Report on slow gender transformation of the judiciary calls for transparency
After over four years of research, deliberation and postponements, the Commission for Gender Equality (CGE) has published a response to the complaint filed in 2012 by Sonke and the Democratic Governance and Rights Unit (DGRU) about the slow transformation of the Judiciary. The complaint called for the CGE to investigate the inequitable gender representation in the Judiciary, to monitor judicial appointments for unfair discrimination and to report back on any measures in place to address gender disparities. The President, the Office of the Chief Justice, the Judicial Service Commission (JSC), and the Minister of Justice and Constitutional Development were named as respondents to the complaint.
From 2009 to 2012, the JSC appointed only 24 women as judges after interviewing over 200 people for 110 positions, just over 20 percent of applicants. Today the situation is only marginally better, where 35 percent – 86 out of 242 – of permanent judges are women.
The CGE’s report acknowledges that not enough is being done to foster gender transformation in the Judiciary, and criticises the respondents for not taking responsibility for the issue. While accepting the inadequacy of this approach, the report suggests that this may largely be because transforming the gender composition of the Judiciary is a complex process that requires the collaboration of many stakeholders with the same goal in mind. Transformation has to be taken on as a long-term project in which a range of sexist practices, attitudes and unwritten laws need to change in both the legal profession and the judicial appointment processes, the report said.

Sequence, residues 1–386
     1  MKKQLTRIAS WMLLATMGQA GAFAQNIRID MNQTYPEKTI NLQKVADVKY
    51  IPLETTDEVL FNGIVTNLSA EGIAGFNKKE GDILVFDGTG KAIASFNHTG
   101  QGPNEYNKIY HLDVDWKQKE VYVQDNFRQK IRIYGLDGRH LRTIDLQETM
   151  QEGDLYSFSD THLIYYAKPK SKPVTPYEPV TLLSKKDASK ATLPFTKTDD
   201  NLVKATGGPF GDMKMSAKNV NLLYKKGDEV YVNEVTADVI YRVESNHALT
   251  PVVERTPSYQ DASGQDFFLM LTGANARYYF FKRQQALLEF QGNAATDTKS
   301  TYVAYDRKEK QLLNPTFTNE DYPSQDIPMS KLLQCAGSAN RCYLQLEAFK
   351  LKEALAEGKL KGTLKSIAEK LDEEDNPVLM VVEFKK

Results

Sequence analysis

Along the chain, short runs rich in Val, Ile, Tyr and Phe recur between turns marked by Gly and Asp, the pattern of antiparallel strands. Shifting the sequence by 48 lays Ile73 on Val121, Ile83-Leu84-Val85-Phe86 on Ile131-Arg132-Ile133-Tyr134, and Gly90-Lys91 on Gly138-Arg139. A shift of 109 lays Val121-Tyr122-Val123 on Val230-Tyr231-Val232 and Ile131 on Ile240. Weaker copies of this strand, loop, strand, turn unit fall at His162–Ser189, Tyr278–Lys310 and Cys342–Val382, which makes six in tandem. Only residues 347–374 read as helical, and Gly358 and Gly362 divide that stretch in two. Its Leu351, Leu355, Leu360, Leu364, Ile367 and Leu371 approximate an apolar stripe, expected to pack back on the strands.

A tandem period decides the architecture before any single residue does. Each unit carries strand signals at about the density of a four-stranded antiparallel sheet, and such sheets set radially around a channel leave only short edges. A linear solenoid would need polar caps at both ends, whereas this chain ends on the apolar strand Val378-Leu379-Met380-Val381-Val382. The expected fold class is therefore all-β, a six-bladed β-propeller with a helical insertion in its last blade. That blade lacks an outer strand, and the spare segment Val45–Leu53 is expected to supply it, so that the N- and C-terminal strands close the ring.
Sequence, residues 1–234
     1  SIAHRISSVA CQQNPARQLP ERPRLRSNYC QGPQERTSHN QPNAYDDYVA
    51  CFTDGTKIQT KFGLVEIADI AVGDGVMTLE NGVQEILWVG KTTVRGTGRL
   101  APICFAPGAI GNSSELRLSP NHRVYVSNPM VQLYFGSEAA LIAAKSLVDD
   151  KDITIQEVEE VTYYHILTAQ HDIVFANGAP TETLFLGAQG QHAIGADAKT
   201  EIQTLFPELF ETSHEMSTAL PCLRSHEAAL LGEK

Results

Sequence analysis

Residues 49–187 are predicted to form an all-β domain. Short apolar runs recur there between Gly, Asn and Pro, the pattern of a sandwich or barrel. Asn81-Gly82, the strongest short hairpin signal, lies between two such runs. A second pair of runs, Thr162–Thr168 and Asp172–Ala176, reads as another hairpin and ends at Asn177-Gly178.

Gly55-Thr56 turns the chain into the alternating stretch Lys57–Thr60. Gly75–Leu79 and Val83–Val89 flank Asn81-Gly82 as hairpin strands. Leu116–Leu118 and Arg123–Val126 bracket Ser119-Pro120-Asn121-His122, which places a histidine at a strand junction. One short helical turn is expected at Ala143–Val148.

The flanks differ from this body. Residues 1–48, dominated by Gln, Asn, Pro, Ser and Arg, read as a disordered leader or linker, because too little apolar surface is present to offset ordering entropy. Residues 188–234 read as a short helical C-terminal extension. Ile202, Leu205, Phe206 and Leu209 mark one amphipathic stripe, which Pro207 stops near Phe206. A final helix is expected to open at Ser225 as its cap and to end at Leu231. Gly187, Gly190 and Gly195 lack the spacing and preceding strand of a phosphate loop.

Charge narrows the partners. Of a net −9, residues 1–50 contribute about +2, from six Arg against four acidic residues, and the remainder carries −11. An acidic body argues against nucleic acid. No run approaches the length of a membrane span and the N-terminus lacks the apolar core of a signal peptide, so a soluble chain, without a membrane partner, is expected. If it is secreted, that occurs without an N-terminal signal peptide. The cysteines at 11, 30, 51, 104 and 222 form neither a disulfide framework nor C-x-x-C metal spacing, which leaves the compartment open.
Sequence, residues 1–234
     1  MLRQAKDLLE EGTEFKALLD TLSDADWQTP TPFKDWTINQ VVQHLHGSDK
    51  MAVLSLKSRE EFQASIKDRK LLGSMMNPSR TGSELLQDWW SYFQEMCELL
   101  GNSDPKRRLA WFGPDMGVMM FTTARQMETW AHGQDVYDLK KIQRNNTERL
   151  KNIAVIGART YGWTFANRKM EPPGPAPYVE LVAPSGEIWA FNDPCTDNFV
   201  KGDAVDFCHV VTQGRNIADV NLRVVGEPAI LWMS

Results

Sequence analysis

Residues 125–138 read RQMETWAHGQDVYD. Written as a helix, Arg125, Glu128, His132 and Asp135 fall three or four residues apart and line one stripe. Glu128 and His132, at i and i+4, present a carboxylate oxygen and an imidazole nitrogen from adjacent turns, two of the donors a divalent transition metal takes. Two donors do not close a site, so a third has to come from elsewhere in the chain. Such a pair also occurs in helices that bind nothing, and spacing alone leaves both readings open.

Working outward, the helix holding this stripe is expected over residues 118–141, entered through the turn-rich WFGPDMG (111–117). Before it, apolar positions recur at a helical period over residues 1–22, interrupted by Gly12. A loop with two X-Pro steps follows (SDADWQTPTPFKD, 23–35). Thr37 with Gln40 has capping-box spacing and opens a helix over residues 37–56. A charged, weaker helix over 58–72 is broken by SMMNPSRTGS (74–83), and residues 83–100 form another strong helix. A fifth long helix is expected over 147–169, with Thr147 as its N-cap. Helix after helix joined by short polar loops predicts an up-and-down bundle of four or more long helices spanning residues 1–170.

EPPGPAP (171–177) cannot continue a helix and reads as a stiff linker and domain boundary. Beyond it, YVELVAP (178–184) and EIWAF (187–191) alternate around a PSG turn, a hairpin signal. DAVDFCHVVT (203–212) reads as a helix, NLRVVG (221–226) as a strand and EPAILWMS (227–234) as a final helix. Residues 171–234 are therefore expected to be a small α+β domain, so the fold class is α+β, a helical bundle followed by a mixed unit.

In a 2013-2014 study conducted by Sonke and the DGRU, women legal professionals reported
being pigeonholed into ‘soft’ legal fields like divorce or estate administration, instead of receiving a wider range of briefs that contribute to building up the broad case experience that judges require, and were thus less fit candidates for judicial appointment. Women legal professionals also reported receiving less mentorship opportunities than men, and according to the 2016 CGE report, often feel, “resented‚ invisible and excluded by male judges and lawyers.”
The CGE report called for private law firms to do their part to reduce unfair gender-based discrimination and promote the career growth of women lawyers, specifically by ensuring that women receive at least an equal amount of briefs as their male counterparts. This requirement was also made of the State Attorneys’ offices.
In an effort to encourage transparency and fairness, the CGE also established a set of criteria for appointing acting judges to the bench; the criteria were approved unanimously by the Heads of Court. Until now, there have been only the murkiest criteria for making these decisions and advertising these positions, and judges have been appointed at the discretion of the President after being screened and recommended by the JSC.
Finally, the CGE’s report recommends a national summit held collaboratively by the CGE, the JSC, the Presidency and the Portfolio Committee and Departments of Justice and Correctional Services. The summit will aim to engage key stakeholders in discussions about gender transformation of the Judiciary and to generate practical resolutions and a plan of implementation.
While progress is slow at these levels, this report signals a clear success in a sustained effort to refocus national attention on the issue of gender representation in South Africa’s Judiciary, as well as onto the critical need for more feminist approaches within the Judiciary.